Amazon in talks to carry many Thursday NFL games exclusively on Prime Video

March 8, 2021

The National Football League is ready to sign new rights deals with media partners that could see carrying many games exclusively—and TV networks paying as much as double their current rate, people familiar with the matter told The Wall Street Journal late last week.

New agreements could be in place within the next few days, the sources said—but some things won’t change immediately. The television deals for the league’s Sunday and Monday franchises with Fox, CBS, NBC, and ESPN are likely to run for as long as 11 years, they said.

ESPN’s deal would go into effect after the 2021-22 season; while the Fox, CBS and NBC agreements would kick in after the 2022-23 season.

A deal with Amazon would result in a significant number of Thursday night games running exclusively on its Prime Video platform—and would represent the league’s deepest foray into streaming, some of the sources told the Journal. Those games wouldn’t be available on traditional television outside of the local markets of the two teams playing, they said.

Amazon has become an aggressive bidder for sports rights, both in America and abroad. The company already has a relationship with the NF—as it has held streaming rights for Thursday night football since 2017. Those games also have been televised by the league-owned NFL Network; and, most recently, by the Fox network, whose parent company shares common ownership with News Corp, the parent company of Wall Street Journal publisher Dow Jones.

If completed, an Amazon deal wouldn’t take effect until after the 2022 season, when Fox’s current pact for Thursday night football expires. Fox is now paying $660 million a season for that package, The Wall Street Journal previously reported. If the Thursday games go to Amazon and there is no other video component beyond the local TV markets of the teams playing, that yearly fee Amazon pays could reach $1 billion, people with knowledge of the discussions said.

Amazon currently pays between $75 million and $100 million to stream Thursday games, a person with knowledge of the deal said. As with Fox, that contract still has two seasons on it. The NFL Network would continue to carry a handful of exclusive Saturday and Thursday games; as its contract with distributors requires it to carry at least five games a season, people familiar with the league’s thinking said.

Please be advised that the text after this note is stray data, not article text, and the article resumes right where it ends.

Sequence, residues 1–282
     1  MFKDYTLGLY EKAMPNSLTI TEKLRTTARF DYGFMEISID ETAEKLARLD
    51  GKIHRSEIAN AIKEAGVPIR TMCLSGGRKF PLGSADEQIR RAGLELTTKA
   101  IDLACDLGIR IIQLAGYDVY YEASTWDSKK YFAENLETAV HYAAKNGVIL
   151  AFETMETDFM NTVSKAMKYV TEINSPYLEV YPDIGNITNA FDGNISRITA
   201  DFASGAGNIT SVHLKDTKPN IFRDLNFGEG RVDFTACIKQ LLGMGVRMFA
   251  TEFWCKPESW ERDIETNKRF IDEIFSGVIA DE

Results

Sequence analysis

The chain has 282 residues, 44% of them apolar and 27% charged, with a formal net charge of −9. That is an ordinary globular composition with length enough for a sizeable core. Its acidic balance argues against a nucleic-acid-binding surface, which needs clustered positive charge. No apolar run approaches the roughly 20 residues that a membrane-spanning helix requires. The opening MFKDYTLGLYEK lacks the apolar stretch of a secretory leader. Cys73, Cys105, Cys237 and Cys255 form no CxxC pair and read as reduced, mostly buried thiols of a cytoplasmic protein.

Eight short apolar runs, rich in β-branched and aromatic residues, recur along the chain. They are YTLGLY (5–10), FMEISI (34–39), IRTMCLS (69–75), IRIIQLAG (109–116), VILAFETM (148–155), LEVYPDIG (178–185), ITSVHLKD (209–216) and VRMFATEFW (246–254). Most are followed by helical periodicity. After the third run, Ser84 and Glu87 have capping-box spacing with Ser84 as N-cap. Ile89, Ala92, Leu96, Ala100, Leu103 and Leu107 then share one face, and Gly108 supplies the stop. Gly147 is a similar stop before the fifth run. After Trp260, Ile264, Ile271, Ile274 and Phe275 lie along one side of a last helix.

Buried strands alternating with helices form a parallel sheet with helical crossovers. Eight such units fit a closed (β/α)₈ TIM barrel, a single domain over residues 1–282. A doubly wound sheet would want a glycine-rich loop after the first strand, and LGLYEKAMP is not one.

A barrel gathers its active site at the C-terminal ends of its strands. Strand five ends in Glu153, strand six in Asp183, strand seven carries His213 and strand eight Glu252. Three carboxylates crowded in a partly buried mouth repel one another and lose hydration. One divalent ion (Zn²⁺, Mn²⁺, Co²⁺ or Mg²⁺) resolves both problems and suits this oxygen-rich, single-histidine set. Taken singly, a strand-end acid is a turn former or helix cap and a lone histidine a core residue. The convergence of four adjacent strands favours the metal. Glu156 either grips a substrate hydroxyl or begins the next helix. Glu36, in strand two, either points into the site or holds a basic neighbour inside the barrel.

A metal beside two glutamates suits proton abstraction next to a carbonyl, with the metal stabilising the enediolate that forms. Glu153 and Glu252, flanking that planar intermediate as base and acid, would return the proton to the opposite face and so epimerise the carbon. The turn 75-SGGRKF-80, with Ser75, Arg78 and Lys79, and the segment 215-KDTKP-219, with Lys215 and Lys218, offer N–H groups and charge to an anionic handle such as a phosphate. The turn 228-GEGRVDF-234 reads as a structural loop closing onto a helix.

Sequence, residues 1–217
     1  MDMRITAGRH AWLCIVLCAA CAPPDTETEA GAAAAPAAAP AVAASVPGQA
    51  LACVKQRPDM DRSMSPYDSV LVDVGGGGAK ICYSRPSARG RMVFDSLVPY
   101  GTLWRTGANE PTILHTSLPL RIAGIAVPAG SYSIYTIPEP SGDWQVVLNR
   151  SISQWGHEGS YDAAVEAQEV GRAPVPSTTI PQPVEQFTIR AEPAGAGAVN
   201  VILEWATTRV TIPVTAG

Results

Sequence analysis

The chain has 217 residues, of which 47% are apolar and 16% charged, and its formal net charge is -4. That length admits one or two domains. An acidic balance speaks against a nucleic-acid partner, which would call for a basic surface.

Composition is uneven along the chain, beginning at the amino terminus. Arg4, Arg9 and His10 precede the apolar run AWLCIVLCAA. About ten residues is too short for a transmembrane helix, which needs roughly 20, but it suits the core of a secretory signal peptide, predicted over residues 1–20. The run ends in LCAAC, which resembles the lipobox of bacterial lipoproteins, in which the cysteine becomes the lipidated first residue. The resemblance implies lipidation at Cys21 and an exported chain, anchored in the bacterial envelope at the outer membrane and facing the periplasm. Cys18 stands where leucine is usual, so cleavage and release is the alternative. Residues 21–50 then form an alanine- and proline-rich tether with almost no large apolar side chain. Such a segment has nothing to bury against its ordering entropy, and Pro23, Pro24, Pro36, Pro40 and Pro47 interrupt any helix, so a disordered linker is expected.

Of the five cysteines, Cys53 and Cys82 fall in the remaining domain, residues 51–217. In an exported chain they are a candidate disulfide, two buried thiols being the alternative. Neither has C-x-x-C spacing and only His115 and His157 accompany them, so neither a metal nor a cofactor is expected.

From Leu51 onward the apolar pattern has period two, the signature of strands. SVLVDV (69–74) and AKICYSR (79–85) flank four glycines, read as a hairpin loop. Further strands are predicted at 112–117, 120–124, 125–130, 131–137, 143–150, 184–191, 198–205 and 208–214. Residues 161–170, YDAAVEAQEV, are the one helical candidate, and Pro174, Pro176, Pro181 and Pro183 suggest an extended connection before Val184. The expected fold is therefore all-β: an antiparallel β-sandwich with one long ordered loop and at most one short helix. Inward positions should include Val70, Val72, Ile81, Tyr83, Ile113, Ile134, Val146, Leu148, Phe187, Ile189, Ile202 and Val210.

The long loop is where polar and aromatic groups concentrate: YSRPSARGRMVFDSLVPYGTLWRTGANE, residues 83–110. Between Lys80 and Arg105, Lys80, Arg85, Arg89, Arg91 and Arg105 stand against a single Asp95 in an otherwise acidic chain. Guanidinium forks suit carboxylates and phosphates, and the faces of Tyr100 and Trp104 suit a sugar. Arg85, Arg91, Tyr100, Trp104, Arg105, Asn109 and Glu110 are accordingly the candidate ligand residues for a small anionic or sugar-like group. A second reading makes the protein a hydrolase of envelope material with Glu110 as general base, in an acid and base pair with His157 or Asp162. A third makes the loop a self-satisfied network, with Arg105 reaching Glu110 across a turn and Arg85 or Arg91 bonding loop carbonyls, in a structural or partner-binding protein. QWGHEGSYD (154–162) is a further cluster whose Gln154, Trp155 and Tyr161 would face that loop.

A deal with Amazon for most Thursday night games would solve a potential problem for the NFL. While Thursday games get strong ratings compared with any other programming, the high price tag was making it a tough sell with broadcasters who already carry NFL packages such as Fox, which analysts and industry insiders estimate loses $250 million a season. Prior to Fox’s deal, CBS and NBC shared Thursday games; and their combined losses were more than $200 million, people familiar with those agreements have said.

A move to put a chunk of NFL games—which typically dominate television ratings—exclusively on a streaming platform isn’t without risk. Amazon carried one game exclusively last year and drew an average audience of fewer than five million, much lower than the typical NFL game on broadcast television or ESPN’s “Monday Night Football.”

The league is trying to strike a balance between embracing new platforms and the revenue they represent while keeping most of its games on traditional television.

Fox’s annual average fee for its Sunday afternoon games is expected to jump to around $2 billion from the current $1.1 billion, the people familiar with those negotiations said. ViacomCBS  likely will see its average fee per season of Sunday afternoon games go from $1 billion to the $2 billion range, the people said.

The new deal for Comcast NBC also is expected to more than double from the average of $960 million it pays per season now to around $2 billion, a person familiar with that pact said.

NBC’s streaming service Peacock also will carry one game exclusively and will simulcast NBC’s Sunday night games, the person said.

The league in addition expects to get a big increase in fees from Walt Disney’s ESPN, people familiar with the matter told the Journal.

The fee increases come after a season in which ratings were down for the regular season, playoffs and Super Bowl. Network executives say they believe that the coronavirus pandemic played a large part in the declines and think numbers will improve once normalcy returns.

In addition, CBS, Fox, NBC and ESPN are all facing challenges in holding on to viewers, making live sports ever more important.

Research contact: @WSJ

Leave a Reply

Your email address will not be published.